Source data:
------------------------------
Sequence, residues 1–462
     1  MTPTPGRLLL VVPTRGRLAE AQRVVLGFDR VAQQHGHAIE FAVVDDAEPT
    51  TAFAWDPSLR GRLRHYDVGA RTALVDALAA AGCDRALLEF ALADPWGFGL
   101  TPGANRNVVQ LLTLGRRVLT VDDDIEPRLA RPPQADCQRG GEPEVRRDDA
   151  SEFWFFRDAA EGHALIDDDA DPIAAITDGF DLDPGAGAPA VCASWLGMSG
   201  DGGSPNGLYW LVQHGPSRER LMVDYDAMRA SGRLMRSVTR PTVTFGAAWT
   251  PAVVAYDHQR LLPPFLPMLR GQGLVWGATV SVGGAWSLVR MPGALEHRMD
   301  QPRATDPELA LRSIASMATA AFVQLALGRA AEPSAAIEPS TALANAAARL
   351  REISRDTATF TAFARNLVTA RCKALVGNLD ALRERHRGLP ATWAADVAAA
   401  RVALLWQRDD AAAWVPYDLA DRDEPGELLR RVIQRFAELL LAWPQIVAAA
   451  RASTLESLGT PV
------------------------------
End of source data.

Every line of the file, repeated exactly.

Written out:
Sequence, residues 1–462
     1  MTPTPGRLLL VVPTRGRLAE AQRVVLGFDR VAQQHGHAIE FAVVDDAEPT
    51  TAFAWDPSLR GRLRHYDVGA RTALVDALAA AGCDRALLEF ALADPWGFGL
   101  TPGANRNVVQ LLTLGRRVLT VDDDIEPRLA RPPQADCQRG GEPEVRRDDA
   151  SEFWFFRDAA EGHALIDDDA DPIAAITDGF DLDPGAGAPA VCASWLGMSG
   201  DGGSPNGLYW LVQHGPSRER LMVDYDAMRA SGRLMRSVTR PTVTFGAAWT
   251  PAVVAYDHQR LLPPFLPMLR GQGLVWGATV SVGGAWSLVR MPGALEHRMD
   301  QPRATDPELA LRSIASMATA AFVQLALGRA AEPSAAIEPS TALANAAARL
   351  REISRDTATF TAFARNLVTA RCKALVGNLD ALRERHRGLP ATWAADVAAA
   401  RVALLWQRDD AAAWVPYDLA DRDEPGELLR RVIQRFAELL LAWPQIVAAA
   451  RASTLESLGT PV